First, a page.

Arundel bypass consultation 'full of errors', campaigners say

Traffic in Arundel
Traffic in Arundel

Consultation over the proposed Arundel bypass is flawed and 'full of errors' according to a campaign group.

Highways England unveiled six possible routes for the bypass at the launch of its public consultation on August 30.

The five options for the Arundel bypass. Picture via Highways England

The five options for the Arundel bypass. Picture via Highways England

READ MORE: Arundel Bypass: watch simulations of the six proposed routes

"Highways England’s information is full of misleading statements," said Emma Tristram, secretary of the Arundel Bypass Neighbourhood Committee.

"They say their new dual carriageway scheme would protect the local environment – but whose local environment?

"They appear to be guiding people towards offline routes which cut across the National Park, villages, woodlands and important local wildlife habitats."

The campaigners say they have noticed a number of errors and assumptions and claim that Highways England’s second consultation is 'as flawed as the first one', which was the subject of a judicial review.

READ MORE: High Court approves Arundel Bypass challenge

Kay Wagland of Arundel SCATE (South Coast Alliance on Transport and the Environment) said: "The consultation is a publicity campaign full of errors and dubious assumptions, rather than a full and balanced presentation of information and real options.

"For instance, the scheme assumes Worthing and Lyminster schemes have been completed – there are doubts whether they will be.

Camilla Lambert, chair of the Arun Countryside Trust said: "The new documents show grandiose plans, most of which are admitted to be unaffordable, and they completely disregard the climate crisis.

"The Royal Town Planning Institute has said everything must be planned from the start so as to be carbon neutral. New roads increase traffic, and this increases carbon emissions: Highways England lists the increased emissions in their documents."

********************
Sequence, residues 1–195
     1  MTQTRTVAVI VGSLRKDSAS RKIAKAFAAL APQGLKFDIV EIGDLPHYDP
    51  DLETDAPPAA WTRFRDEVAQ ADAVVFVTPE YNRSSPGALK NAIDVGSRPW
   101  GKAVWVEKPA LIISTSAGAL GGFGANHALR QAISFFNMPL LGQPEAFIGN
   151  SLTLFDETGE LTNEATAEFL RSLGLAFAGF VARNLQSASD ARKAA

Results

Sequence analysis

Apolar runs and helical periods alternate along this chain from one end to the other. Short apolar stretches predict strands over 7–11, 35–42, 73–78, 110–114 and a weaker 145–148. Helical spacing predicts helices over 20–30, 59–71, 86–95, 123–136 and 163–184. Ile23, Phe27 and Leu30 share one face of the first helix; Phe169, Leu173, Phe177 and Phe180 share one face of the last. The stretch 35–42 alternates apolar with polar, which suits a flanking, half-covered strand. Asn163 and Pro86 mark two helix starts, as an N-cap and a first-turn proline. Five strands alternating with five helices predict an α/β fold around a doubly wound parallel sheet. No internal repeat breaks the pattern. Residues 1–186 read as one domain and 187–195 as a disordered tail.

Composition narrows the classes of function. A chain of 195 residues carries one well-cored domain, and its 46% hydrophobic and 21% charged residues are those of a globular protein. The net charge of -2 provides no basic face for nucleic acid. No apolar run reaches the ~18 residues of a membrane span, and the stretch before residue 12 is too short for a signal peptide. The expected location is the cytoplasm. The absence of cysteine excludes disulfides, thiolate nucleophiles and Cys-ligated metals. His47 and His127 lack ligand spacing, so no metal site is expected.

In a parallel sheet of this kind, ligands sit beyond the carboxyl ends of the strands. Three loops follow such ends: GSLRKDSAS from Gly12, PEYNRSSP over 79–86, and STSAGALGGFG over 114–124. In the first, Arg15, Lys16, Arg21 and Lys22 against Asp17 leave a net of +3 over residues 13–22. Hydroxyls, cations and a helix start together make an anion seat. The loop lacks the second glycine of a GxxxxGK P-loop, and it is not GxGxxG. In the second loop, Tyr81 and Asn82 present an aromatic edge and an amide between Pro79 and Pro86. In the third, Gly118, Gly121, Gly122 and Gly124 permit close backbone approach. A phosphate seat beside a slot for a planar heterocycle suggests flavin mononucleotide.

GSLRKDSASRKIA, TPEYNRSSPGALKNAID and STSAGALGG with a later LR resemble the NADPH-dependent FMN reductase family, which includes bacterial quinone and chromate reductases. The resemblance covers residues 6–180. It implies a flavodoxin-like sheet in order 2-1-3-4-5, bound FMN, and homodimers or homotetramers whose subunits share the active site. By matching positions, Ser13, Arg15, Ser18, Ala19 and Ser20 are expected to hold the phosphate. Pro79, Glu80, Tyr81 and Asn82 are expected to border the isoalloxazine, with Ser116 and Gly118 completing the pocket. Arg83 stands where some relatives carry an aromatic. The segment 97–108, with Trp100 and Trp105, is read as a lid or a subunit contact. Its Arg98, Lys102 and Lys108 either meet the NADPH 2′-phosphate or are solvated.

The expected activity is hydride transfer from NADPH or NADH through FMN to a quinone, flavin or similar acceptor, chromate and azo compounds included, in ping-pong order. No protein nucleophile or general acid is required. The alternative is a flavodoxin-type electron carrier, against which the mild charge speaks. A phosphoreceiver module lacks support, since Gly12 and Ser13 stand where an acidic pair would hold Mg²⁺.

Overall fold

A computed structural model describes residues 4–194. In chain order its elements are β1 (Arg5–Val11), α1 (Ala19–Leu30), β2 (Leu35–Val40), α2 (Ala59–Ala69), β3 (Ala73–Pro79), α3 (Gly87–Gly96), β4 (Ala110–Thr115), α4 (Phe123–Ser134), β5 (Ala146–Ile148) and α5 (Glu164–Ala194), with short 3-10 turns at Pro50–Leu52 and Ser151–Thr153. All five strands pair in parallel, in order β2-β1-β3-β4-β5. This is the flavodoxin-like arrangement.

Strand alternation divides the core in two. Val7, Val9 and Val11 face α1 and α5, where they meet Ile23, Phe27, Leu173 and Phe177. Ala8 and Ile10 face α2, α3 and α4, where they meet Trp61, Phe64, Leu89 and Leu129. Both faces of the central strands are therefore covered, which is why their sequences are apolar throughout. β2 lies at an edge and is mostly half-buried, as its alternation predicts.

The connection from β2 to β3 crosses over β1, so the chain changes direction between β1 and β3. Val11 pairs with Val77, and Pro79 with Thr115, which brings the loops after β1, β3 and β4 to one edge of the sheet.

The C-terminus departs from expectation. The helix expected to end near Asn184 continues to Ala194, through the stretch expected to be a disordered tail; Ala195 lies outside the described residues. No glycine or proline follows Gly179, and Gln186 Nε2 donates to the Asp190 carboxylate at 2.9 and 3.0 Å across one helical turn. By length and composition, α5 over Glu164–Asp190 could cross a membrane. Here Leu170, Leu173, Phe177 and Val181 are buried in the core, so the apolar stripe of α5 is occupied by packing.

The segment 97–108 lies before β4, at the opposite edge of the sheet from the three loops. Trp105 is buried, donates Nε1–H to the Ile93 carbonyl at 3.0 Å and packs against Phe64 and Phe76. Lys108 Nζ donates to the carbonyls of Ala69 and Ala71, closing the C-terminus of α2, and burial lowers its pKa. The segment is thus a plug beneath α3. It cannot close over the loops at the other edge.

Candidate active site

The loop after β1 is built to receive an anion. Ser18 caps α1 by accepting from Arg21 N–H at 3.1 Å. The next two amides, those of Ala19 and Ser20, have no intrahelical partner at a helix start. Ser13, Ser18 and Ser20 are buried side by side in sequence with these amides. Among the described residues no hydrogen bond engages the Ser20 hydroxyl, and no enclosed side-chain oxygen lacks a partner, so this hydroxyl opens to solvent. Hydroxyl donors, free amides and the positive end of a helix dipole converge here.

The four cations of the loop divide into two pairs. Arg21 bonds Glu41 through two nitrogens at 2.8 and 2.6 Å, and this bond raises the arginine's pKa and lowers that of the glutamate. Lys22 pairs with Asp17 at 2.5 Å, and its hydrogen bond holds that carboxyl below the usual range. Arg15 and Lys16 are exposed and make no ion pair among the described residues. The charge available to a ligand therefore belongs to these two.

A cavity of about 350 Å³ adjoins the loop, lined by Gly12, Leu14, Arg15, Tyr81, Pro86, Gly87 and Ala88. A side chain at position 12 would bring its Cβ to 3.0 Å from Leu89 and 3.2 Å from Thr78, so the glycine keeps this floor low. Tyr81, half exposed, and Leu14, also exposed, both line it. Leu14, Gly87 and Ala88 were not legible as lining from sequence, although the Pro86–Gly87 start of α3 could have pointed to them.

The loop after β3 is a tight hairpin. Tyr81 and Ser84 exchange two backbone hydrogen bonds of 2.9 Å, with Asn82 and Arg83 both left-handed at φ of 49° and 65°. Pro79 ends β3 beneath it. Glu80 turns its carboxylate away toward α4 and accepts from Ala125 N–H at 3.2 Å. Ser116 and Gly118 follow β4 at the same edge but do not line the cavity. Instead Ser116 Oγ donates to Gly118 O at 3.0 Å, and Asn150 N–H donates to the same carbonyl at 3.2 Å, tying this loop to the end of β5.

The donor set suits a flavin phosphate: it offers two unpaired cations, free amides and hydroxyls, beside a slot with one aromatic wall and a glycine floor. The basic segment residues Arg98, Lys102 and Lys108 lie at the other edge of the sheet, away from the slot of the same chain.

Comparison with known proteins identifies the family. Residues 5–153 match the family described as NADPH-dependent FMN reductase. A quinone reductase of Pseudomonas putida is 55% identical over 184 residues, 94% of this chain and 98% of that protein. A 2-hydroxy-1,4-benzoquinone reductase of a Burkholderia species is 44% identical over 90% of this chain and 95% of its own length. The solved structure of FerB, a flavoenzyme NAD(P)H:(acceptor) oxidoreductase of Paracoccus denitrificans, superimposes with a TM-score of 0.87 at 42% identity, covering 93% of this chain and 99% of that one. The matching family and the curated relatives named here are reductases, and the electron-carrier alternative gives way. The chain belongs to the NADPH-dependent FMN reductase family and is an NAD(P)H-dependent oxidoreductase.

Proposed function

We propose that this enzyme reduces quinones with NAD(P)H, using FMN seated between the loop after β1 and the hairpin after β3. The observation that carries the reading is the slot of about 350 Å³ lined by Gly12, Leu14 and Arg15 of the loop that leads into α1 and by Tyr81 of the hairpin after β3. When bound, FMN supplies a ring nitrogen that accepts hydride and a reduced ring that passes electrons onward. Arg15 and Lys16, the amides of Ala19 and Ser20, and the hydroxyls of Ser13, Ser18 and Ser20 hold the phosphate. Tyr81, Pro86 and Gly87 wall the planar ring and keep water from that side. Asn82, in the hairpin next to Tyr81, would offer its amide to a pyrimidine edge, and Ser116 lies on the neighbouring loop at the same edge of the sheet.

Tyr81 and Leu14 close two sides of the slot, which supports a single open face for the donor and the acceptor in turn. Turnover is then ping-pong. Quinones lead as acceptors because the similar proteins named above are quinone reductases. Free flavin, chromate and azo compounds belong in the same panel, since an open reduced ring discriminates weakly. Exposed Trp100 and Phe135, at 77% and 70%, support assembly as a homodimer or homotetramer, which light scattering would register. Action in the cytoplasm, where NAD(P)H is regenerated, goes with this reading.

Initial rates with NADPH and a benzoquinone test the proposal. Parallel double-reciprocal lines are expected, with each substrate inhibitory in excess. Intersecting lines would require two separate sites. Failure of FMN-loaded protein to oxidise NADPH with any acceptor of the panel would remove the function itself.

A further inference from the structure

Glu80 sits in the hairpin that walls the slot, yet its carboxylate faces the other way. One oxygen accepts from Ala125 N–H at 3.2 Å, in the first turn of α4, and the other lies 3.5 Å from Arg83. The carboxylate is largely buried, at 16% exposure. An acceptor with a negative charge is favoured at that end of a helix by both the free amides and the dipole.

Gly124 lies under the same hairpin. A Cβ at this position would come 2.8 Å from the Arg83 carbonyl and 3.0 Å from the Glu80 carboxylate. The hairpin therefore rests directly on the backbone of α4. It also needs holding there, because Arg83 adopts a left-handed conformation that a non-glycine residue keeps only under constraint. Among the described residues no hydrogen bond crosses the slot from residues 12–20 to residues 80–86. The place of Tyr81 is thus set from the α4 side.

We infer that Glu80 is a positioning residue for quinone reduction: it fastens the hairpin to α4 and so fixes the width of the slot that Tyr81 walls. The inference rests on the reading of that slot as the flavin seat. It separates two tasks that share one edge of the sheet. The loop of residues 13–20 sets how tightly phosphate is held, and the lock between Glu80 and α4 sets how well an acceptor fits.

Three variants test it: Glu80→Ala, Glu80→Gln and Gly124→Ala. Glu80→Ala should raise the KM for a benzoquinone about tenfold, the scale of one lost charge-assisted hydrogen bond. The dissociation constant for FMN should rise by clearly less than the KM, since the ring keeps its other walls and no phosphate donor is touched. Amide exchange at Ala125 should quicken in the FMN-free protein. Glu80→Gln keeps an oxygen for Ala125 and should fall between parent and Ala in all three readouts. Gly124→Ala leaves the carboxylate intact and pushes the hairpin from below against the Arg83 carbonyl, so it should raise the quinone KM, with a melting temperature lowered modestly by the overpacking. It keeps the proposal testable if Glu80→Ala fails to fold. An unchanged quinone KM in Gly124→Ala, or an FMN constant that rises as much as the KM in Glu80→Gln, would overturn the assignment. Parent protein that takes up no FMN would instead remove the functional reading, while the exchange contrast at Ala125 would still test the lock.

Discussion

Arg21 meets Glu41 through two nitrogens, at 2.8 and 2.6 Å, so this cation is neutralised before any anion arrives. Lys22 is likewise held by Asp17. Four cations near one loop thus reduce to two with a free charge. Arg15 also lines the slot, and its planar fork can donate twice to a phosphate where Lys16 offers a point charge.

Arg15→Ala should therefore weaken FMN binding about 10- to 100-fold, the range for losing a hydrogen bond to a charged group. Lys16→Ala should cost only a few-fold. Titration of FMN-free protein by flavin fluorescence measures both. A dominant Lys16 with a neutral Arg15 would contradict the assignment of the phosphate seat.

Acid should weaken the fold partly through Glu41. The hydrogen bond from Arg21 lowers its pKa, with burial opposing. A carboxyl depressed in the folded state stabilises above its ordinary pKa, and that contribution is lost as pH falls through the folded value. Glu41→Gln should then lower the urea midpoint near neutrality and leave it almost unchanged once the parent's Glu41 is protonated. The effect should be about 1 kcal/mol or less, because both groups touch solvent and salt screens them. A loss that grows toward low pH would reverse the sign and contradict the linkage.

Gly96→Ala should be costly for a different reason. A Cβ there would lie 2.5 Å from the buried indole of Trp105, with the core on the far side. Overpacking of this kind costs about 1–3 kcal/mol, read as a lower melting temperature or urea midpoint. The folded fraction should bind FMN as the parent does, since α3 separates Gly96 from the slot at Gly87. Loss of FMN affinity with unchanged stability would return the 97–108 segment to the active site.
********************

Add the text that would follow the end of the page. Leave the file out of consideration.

Bill Treves lives in Binsted and said the new road options would have a 'devastating' impact on his community.

"The Amber option is bad for Binsted, but Magenta would crucify the village - It snakes from end to end of the village, destroying properties left right and centre, and leaving what’s left of us separated by four lanes of 70mph traffic.’

"No more village, no more community, no more Strawberry Fair, no more Arts Festival, no more pub, no more services in our 12th-century church, no more future, no more hope. It’s an absurdly massive level of destruction to save just a few minutes’ driving time."

The campaigners say that Highways England has designed its questionnaire in a way which makes it almost impossible to support the ‘Arundel Alternative’.

"They want a dual carriageway scheme," Emma Tristram added, "but there is no way to show that you think a damaging dual carriageway scheme is out of the question, and still have your response counted.

"A much less damaging solution would be the ‘Arundel Alternative’, developed by local people and supported by many environmental groups," Kay said.

"It’s a short section of wide single carriageway bypass at 40 mph, cutting out pinch points, and allowing traffic to flow without ruining our local environment."

A Highways England spokesperson said: "Upgrading the A27 at Arundel will address one of the worst congestion black spots in the South East and will draw traffic away from smaller, less suitable roads through the South Downs National Park.

"We have identified a small number of corrections needed to the consultation brochure, which we have taken immediate steps to address.

"Because we are committed to a full and open consultation and we want people responding to the consultation to have all the available information, we have written to everyone who we contacted at the start of the consultation to explain the changes to the information.

"All six options in the consultation have been assessed in greater detail than before so that people can see and understand all the factors and help us decide which one strikes the right balance. "